1. Remember They Are Your Loved Ones, Not Employees
your inner circle passes Very In pursuit of his bridal bliss. They make room in their budget, their calendar, and their emotional bandwidth to support you. In most cases, they are happy to do it, but not when you abuse your (temporary) power over them.
“Getting married and planning a wedding entitles you to love, support, and celebration from loved ones—but not unwavering flattery, adaptation, or self-sacrifice,” says Landis Badger, LMHC, owner of Marriage-Focused Therapy Practice iTalkThey say.
Leah*, 28, is feeling “really taken advantage of” as maid of honor for her friend’s 2022 wedding. “At one point, I stopped getting a greeting or anything—the texts were literally the names of people on her shower invitation list, with expectations from me whether they RSVP’d or not,” she says. “After almost a year of this, I finally feel normal again in our friendship, although it’s strange to think that I may always look back on her marriage as a difficult time.”
2. Be careful about the budget
Before asking friends to be in your bridal party, help them determine if they can afford to attend by giving them context about what they can actually be expected to pay. . Are you having a destination bachelorette party, and is attendance mandatory? Should they budget for an expensive dress, or can they choose their own? Who’s Paying for Your Bridal Shower? And even if you have this conversation from the jump, don’t be surprised if budget concerns still come up—plans change and costs go up a bit.
3. Check the Vibe
If you have close friends from different chapters of life, the members of your bridal party may only have one thing in common: you. While it’s not your job to make sure everyone turns out to be the best, you Needed Make sure everyone is at least comfortable with each other. Minor squabbles happen even within close groups, but if a serious conflict does arise, you can’t let your friends fight for you just because you’re the ~bride~.
In 2022, Violet*, 26, performed her maid of honor duties alongside the bride’s matron of honor… who, for some reason, seemed to hate her. “He made vile comments about my clothes, my body, and my being single,” says Violet. The animosity became so intense, Violet reached out to the bride to make sure there was no underlying problem. “He told me I had nothing to worry about.” (Narrator: Actually, he had something to worry about.)
Because the bride didn’t smooth things over, Violet eventually expressed her regret for attending the wedding. “I cried a lot at this bridal party,” she says. “I didn’t think it was worth it for my mental health at the end of the day. It was very disappointing and it made me question the depth of my friendship with the bride.”
4. Chill Out With Essential Attire
I get it – you have a vision! But forcing a group of individuals to all wear the same thing (And pay for it) is a crazy move. Personal taste aside, your friends may have a hard time speaking up if the look you’ve chosen for them is too expensive or not something they feel confident in.
Instead, consider choosing your own ‘fit’ to get away with – or even more loosely, just a general aesthetic – with some guidelines and a color scheme for your bridal party. Not only is this trend incredibly chic, but it also ensures that your guys are wearing something they actually love at a price they can stomach. However, if you In fact If you have your heart set on a specific dress, go for it – just remember that if you can cover the cost, it will lessen the sting of making them wear a dress they secretly think is terrible. Is.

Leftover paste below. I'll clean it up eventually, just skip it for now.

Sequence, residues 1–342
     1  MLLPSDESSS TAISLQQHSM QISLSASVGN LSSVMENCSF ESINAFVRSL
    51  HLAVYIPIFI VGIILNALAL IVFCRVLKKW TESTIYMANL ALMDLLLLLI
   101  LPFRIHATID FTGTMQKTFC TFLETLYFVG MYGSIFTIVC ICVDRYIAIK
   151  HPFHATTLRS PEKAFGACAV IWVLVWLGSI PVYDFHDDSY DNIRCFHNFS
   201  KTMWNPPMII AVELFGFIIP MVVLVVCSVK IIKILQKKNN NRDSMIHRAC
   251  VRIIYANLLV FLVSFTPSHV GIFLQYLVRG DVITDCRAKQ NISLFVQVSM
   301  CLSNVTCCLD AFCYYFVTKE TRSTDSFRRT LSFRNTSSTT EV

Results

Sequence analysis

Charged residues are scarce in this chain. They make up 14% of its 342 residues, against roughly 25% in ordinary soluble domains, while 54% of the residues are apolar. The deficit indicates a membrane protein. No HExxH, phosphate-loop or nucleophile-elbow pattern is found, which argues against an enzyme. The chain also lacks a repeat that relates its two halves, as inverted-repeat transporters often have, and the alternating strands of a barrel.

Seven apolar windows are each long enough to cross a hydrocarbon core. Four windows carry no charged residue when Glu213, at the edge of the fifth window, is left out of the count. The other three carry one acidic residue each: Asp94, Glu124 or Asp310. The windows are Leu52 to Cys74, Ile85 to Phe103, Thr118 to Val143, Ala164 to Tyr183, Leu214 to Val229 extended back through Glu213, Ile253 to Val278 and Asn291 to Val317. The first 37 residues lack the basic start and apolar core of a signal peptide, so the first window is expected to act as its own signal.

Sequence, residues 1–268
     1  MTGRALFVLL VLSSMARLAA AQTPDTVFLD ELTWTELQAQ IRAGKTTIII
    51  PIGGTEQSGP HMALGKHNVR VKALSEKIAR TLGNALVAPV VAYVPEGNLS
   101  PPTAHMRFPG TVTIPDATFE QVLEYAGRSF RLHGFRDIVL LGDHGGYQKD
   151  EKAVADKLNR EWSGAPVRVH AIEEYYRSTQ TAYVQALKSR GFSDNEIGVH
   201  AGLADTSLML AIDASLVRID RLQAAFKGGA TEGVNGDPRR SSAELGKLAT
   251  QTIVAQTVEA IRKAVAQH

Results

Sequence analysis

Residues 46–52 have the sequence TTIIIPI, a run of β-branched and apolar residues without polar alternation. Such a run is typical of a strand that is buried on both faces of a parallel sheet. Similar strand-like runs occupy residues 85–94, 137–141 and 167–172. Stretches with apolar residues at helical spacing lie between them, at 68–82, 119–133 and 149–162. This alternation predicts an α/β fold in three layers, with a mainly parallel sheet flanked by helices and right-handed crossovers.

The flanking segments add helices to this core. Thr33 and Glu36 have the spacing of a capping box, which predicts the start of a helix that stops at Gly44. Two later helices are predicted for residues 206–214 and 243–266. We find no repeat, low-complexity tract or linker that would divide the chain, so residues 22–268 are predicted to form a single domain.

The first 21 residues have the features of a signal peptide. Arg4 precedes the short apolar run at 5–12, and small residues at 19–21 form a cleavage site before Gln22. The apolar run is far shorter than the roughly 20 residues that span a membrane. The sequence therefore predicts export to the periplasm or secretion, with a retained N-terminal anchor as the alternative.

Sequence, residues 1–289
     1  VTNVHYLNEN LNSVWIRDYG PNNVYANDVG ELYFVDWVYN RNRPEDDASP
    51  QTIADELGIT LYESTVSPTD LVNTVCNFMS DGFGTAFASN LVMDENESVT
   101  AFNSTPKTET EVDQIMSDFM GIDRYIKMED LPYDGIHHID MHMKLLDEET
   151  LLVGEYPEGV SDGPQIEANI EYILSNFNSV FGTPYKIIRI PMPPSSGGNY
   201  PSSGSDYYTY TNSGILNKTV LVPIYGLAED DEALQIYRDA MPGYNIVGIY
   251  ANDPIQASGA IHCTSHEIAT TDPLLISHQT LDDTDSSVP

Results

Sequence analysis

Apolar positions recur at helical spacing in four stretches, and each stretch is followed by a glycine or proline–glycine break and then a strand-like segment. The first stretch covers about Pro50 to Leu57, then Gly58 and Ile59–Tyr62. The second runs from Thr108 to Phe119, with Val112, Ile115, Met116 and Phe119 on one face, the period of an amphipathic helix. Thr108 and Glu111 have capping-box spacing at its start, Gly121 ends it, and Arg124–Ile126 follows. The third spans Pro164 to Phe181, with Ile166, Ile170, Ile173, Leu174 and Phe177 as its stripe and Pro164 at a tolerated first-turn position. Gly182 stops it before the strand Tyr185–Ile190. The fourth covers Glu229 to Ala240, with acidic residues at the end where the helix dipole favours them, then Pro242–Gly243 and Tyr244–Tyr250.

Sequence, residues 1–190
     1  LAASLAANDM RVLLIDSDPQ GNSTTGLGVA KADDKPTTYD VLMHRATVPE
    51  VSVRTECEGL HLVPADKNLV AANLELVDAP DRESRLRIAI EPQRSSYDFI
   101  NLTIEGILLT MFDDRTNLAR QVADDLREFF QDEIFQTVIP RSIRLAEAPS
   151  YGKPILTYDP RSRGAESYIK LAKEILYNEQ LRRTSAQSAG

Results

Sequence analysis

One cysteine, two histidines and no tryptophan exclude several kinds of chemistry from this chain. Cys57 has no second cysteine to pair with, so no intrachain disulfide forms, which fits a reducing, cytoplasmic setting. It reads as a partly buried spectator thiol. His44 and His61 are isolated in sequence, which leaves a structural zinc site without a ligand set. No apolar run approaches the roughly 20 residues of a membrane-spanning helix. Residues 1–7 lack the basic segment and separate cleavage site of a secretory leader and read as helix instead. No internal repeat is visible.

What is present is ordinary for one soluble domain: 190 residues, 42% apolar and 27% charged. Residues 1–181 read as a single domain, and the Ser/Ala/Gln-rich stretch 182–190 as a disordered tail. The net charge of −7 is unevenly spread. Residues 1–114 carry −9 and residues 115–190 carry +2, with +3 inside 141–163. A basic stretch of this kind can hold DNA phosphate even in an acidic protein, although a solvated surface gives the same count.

5. Don’t force your bridal party to pay for hair and makeup
If you need your bridal party to have their hair and/or makeup done by professionals on your big day, you should pay for it. full stop. This can count as your gift to thank them for supporting you during this time. TBH, this is far more useful than giving it to your friends. one more Monogrammed makeup bags or robes have the word “bridesmaid” stamped on them.
If paying for the glamor of your entire group puts a strain on your budget, consider making it an optional service (most people would jump at the chance to get the job done anyway).
6. Don’t Be a Jerk About Your Friends’ Bodies
If you want your bridal party to dress a certain way, make making them feel good a priority. Gemma*, 30, is at an upcoming wedding where she and another bridesmaid wear a size larger than the rest of the group — and she feels symbolic for it. “every step of the way, [the bride] It’s been like, ‘I checked [the other bridesmaid] And she’s okay with it, so I figured you would be too,” Gemma says, even though she and the other bridesmaids wear different sizes of dresses and have very different personal styles. are being bundled together for a decision, down to getting dressed in pyjamas. I’ve been given something ugly instead and given something on that and been told ‘the other big girl is cool. with this.'”
7. Keep Some Perspective
You may feel as though your marriage is the only thing that matters in the world. This.
Abigail,* a former maid of honor, recounts the consequences of missing her friend’s bridal shower in 2022 due to ill health. The decision was not well received. “The bride basically told me that her bridal shower and my health were of equal importance,” says Abigail. “It was a horrible experience to the point where the bride and I are no longer on speaking terms.”
Even in very low-stakes situations, it’s a little naive to expect your friends and family to always be available for every wedding event, emergency, or spontaneous brainstorming session. Yes, these are your people who are there to reach out, get opinions, and even help you with the wedding tasks, but they also have their own lives that don’t disappear just because you’re getting married.